J+J Flooring Group released a new trends report that identifies four major drivers of design taking place in the dynamic senior living market.
Developed from ongoing research and insights gleaned at the company’s second annual Senior Living Design Symposium, the report provides practical and thought-provoking considerations for designers charged with creating the next generation of senior living communities.
This year’s J+J Senior Living Design Symposium was coordinated in partnership with Sara Marberry, healthcare design professional. The two-day event held in Santa Fe, N.M., brought together 13 designers from across the country that specialize in senior living. They were joined by noted gerontologist Dr. Anne Simpson from the University of New Mexico and Jane Rhode, one of the country’s best-known advocates for de-institutionalizing elder care residences. Simpson and Rhode served as guest speakers. Like last year’s symposium, attendees were asked to share their ideas and experiences as a way to gather insights into the needs of today’s senior residents and future residents who live active, mobile lifestyles. Attendees were also encouraged to share recent projects they worked on and trends they see emerging.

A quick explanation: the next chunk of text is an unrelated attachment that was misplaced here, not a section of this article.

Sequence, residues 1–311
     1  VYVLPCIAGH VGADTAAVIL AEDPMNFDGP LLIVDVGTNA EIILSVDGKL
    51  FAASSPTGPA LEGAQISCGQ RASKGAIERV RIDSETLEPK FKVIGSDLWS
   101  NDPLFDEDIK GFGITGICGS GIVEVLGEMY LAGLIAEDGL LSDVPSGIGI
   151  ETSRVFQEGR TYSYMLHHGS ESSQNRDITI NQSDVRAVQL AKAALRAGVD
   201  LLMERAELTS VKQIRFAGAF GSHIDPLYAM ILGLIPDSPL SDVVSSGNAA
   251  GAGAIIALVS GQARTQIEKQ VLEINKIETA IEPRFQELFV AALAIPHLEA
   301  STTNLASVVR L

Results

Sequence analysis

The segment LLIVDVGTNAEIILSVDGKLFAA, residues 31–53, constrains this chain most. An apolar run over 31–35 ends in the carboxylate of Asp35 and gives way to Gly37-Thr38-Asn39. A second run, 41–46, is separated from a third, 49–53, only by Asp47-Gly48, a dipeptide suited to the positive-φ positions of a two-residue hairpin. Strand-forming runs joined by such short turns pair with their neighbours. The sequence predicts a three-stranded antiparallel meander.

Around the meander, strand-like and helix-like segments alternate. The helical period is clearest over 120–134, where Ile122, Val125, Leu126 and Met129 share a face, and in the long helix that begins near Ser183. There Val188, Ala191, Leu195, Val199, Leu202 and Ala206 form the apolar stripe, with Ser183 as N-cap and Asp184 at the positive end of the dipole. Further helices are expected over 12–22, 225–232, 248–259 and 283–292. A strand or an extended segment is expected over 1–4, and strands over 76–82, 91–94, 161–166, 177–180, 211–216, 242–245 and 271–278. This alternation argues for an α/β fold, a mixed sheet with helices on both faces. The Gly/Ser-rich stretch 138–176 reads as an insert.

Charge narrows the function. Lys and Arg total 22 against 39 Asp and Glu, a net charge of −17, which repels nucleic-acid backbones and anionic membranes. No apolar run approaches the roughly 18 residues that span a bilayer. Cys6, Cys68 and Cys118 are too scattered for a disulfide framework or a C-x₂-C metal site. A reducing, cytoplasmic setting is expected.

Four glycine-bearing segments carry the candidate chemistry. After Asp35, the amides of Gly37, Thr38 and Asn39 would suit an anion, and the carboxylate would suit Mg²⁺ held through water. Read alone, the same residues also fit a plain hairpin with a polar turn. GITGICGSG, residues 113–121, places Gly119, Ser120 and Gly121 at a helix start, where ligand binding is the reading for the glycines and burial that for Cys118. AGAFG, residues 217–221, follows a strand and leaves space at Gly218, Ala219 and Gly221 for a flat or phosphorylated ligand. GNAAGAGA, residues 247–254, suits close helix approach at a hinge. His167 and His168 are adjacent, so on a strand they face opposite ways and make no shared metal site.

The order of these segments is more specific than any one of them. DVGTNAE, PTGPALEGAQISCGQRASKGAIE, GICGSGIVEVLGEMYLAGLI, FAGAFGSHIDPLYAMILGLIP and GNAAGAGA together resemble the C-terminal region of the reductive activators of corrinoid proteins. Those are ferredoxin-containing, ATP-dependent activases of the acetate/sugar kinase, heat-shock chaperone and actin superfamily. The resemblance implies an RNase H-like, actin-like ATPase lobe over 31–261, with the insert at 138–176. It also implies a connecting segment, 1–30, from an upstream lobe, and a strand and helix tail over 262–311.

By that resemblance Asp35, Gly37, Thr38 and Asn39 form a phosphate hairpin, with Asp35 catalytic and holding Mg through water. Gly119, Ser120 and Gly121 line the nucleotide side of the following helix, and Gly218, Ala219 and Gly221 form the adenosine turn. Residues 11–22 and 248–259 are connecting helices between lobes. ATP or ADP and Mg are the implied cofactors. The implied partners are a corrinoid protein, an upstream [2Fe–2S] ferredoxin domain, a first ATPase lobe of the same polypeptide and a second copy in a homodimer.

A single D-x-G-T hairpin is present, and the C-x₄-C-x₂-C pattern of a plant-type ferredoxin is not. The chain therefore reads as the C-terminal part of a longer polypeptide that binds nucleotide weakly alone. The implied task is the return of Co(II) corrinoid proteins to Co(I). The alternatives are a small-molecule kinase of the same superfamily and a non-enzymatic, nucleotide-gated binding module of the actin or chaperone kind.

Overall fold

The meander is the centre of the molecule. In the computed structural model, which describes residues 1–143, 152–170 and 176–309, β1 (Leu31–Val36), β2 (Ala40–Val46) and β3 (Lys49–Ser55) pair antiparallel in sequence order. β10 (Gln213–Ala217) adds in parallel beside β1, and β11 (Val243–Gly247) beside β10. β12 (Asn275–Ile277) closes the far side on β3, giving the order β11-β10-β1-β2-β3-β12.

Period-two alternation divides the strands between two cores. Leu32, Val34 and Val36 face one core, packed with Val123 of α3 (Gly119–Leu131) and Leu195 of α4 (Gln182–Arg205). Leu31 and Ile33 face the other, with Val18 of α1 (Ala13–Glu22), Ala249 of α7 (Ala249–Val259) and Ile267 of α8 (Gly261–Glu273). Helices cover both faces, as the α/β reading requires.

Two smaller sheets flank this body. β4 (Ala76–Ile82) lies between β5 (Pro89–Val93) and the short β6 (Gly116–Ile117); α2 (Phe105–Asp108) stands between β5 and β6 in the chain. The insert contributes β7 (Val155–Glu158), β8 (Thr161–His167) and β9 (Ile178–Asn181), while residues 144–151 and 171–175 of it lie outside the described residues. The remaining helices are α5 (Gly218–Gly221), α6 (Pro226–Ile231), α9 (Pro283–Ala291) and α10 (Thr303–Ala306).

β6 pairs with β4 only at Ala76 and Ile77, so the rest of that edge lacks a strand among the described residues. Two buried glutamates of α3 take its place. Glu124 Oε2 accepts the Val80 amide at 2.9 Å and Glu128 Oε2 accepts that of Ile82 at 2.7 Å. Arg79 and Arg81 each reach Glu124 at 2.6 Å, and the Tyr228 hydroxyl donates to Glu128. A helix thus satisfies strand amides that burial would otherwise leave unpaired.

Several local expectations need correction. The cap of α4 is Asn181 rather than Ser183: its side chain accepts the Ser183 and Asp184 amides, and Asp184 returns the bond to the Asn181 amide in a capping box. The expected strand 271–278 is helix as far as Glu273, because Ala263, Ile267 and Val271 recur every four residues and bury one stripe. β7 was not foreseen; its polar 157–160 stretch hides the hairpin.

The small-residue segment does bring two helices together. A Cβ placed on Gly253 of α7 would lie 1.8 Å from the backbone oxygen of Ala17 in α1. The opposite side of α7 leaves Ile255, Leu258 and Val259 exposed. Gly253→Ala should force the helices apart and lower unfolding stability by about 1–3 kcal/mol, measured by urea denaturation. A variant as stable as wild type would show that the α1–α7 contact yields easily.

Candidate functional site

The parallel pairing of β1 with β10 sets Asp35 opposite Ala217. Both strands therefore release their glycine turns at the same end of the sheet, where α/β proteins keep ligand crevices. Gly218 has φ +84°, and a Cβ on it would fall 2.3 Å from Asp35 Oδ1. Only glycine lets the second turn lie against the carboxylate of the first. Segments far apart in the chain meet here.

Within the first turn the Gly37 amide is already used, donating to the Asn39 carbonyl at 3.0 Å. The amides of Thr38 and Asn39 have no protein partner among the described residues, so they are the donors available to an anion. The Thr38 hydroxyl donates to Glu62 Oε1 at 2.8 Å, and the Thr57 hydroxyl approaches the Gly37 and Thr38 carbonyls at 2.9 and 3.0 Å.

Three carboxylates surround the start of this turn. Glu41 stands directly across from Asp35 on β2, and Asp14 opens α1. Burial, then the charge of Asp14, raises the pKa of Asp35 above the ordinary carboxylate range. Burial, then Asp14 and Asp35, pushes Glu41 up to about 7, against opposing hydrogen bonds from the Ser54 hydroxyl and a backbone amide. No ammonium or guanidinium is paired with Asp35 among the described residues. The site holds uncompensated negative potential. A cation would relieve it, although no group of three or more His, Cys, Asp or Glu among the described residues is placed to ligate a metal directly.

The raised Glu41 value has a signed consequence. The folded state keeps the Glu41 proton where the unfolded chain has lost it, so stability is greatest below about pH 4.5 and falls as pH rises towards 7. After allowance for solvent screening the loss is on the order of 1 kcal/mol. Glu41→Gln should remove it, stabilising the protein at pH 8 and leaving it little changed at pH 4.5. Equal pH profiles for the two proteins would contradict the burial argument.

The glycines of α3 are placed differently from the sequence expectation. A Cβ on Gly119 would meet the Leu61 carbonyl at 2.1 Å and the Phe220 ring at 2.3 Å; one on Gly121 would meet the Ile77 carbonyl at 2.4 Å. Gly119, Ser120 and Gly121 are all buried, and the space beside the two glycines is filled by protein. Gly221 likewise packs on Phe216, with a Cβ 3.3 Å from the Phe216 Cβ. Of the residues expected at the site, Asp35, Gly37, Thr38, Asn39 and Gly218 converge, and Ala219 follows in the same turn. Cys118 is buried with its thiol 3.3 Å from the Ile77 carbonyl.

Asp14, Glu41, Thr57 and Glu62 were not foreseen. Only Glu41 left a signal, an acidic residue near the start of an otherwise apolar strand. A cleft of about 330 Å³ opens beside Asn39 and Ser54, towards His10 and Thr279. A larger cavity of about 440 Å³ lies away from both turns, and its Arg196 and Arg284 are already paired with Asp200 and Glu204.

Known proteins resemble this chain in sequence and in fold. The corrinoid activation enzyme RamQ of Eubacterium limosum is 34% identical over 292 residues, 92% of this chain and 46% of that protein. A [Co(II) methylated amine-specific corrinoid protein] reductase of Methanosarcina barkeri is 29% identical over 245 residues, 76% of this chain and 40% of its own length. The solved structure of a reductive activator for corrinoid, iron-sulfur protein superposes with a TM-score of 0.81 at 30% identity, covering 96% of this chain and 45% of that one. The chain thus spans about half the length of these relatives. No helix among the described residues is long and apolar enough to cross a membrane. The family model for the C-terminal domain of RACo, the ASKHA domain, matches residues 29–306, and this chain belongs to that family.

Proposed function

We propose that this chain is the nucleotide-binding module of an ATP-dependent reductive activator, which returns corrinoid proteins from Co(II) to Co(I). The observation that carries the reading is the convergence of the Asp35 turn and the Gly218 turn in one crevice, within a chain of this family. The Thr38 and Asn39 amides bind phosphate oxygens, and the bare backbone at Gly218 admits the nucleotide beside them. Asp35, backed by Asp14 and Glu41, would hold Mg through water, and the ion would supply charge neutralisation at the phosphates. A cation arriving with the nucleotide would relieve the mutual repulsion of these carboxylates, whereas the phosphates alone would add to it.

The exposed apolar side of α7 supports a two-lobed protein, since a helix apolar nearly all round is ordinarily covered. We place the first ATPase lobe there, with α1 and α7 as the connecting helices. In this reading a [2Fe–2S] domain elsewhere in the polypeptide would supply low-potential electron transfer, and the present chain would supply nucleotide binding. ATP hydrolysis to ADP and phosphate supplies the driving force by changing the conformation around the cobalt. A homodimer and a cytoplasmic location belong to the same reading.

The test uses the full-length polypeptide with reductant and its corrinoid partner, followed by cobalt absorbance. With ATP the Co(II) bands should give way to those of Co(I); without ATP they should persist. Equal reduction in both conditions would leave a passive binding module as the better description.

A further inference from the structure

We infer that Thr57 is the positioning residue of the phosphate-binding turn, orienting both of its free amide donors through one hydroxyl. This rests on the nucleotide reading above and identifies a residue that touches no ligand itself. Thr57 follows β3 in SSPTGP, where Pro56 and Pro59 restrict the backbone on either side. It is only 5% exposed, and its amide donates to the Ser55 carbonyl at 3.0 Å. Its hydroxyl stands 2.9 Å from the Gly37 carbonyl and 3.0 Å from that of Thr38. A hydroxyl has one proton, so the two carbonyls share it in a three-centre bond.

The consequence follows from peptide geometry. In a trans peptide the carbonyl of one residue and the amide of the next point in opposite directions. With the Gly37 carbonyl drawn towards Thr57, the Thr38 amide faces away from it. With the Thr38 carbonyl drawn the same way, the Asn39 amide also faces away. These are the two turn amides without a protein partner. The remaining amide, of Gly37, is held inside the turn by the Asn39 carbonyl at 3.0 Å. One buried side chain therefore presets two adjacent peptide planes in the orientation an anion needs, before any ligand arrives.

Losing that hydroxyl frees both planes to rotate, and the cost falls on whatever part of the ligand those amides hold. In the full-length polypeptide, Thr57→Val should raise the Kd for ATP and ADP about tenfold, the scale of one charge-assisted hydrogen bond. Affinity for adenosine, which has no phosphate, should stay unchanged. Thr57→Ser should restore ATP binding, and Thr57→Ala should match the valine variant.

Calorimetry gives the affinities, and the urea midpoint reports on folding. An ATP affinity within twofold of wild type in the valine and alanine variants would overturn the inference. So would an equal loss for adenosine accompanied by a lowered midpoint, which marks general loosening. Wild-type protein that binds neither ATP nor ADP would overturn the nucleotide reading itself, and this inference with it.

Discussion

“Events like our symposium, along with a focus on researching resident care, enable J+J to identify ways in which flooring can positively impact the future of those who live and work in senior living communities,” said David Daughtrey, J+J Flooring's director of healthcare business development. “By proactively tracking emerging trends we are better able to position ourselves as a provider of knowledge and solutions.”
The four key driving trends identified in the report are:
1. Contemporary/Transitional Interiors: Increasingly, the design of senior living communities is being driven to appeal to the secondary customer, the child, rather than the resident. This change is resulting in a transition to contemporary palettes and finishes, while still keeping a timeless appeal.
2. The HGTV Effect: Homeowners and residents are now more confident than ever in their design abilities thanks to popular home interior design shows and digital design boards such as Pinterest. As a result, senior living communities are now offering residents more customization opportunities for their living quarters that more specifically match their design personality.
3. Naturally Neutral: As more contemporary furnishings and finishings are incorporated, an increased use of tinted neutrals and classic shades of ivory are on the rise. These colors combine for a clean, minimalist appeal.
4. Senior Living Model Evolution: Active aging is an ongoing driver in the evolution of the senior living community. Keeping seniors connected to the community, at all stages of aging, has proven to be beneficial both mentally and physically. Yet there is not an established model for the new age of long-term living. What will be the next big evolution to senior living communities? What’s next for the design of these communities?
For more information, visit jjflooringgroup.com.